Instructor: | Mark Zhandry () |

Office Hours: Mondays 3-4pm (COS 314) | |

TA: | Fermi Ma () |

Office Hours: Fridays 2-3pm (Theory lounge, COS 3rd floor) | |

Lecture: | MW 1:30am - 2:50pm, Room TBA |

Grading: | 50% for roughly weekly homeworks, 20% take-home midterm, 30% take-home final |

Piazza: | https://piazza.com/princeton/spring2017/cos433mat473_s2017 |

Textbook: | There is no official text for this course, however Introduction to Modern Cryptography by Katz and Lindell (KL) is a good resource. Each lecture will have pointers to the appropriate sections of KL for those following along with the book. |

Another new feature in modern cryptography is its foundations. Until recently, cryptography was largely an art form based on intuition and ad hoc tweaks to block vulnerabilities. Modern crytpography is instead more of a science, characterized by rigorous mathematical definitions and theorems that guide the design of new systems.

This course is an introduction to modern cryptography, focusing on the theoretical foundations, with some attention to practical considerations. We will cover a variety of topics, including secret key and public key encryption, authentication, commitments, pseudorandom generators, and zero knowledge proofs.

Lecture | Topic | KL Section | Notes |

1 - M, 2/6 | Course introduction, A Brief History of Cryptography | 1.3 | [1] |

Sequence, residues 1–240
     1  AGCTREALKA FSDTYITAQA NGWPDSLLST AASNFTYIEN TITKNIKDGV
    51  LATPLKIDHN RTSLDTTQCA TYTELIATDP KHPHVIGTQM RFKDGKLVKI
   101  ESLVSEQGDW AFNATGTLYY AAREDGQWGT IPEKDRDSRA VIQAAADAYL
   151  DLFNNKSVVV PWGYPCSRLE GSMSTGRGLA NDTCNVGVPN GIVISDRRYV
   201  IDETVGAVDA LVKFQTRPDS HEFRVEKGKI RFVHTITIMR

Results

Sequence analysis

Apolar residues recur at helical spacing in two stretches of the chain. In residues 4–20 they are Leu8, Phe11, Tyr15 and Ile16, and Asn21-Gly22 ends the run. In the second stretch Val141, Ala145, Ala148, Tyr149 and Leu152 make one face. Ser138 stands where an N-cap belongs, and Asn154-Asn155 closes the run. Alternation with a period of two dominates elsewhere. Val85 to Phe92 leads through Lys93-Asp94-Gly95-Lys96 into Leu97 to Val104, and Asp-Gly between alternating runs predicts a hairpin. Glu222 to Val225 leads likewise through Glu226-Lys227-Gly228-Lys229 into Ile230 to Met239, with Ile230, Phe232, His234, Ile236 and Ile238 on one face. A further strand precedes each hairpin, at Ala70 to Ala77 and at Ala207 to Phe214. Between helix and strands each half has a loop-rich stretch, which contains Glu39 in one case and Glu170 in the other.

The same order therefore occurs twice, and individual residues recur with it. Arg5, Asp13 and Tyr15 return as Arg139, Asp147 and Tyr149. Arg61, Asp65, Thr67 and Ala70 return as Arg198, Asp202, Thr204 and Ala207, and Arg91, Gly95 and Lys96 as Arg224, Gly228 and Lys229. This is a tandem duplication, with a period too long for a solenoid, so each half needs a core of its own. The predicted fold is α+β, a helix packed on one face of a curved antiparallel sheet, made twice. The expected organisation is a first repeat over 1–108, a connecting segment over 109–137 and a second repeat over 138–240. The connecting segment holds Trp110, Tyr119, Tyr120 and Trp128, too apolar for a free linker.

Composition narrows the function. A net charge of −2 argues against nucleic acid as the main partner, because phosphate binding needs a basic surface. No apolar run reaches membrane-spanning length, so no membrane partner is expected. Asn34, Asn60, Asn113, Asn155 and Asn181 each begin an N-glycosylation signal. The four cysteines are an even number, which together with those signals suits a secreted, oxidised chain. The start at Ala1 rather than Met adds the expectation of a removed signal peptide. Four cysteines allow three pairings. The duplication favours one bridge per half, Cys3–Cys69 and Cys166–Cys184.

2 - W, 2/8 | Definitions in Cryptography, the One-time Pad | 1.4-2.2 | [2] |

3 - M, 2/13 | Multiple Message Security, Issues, Randomized Encryption | [3] | |

4 - W, 2/15 | Limitations of Information-Theoretic Security, Stream Ciphers, PRGs, and Computational Assumptions | 2.3-3.3 | [4] |

5 - M, 2/20 | Constructing PRGs | 6.1 | [5] |

6 - W, 2/22 | CPA security and PRFs | 3.4-3.5 | [6] |

7 - M, 2/27 | PRPs, Block Ciphers, Modes of Operation | 3.6, 6.2 | [7] |

8 - W, 3/1 | Constructing Block Ciphers | 6.2 | [8] |

9 - M, 3/6 | Attacks on Block Ciphers | 6.2 | [9] |

10 - W, 3/8 | Message Integrity, MACs | 4.1-4.4, 4.6 | [10] |

11 - M, 3/13 | Authenticated Encryption, CCA Security | 4.5 | [11] |

12 - W, 3/15 | Collision Resistant Hashing, Random Oracle Model | 5.1-5.4, 6.3 | [12] |

M, 3/20 | No Class - Spring Break | ||

W, 3/22 | |||

13 - M, 3/27 | Commitment Schemes | [13] | |

14 - W, 3/29 | Number-theoretic constructions of symmetric primitives | 8.3-8.4 | [14] |

15 - M, 4/3 | One-way permutations, hardcore predicates | 7.1 | [15] |

16 - W, 4/5 | Relationships between Symmetric Primitives | 7.2 | [16] |

17 - M, 4/10 | Diffie Hellman Key Exchange | 10.3 | [17] |

18 - W, 4/12 | Public Key Encryption | 11.1-11.4 | [18] |

19 - M, 4/17 | RSA, Trapdoor Permutations | 11.5, 13.1 | [19] |

20 - W, 4/19 | Digital Signatures | 12.1-12.4 | [20] |

21 - M, 4/24 | Digital Signatures from One-way Functions | 12.6 | [21] |

22 - W, 4/26 | Identification Protocols | 12.5 | [22] |

23 - M, 5/1 | Zero Knowledge | [23] | |

24 - W, 5/1 | CCA-secure Public Key Encryption without Random Oracles | [24] |

Homework 2 (Due Feb 21)

Homework 3 (Due Feb 28)

Homework 4 (Due Mar 7)

Homework 5 (Due April 4)

Homework 6 (Due April 11)

Homework 7 (Due April 18)

Homework 8 (Due April 25)

Homework 8

Homeworks will be assigned roughly every week. Homework assignments will be posted on the course webpage early in the week (hopefully by Monday, definitely by Tuesday) and will be due the following Tuesday. Expect there to be a homework assignment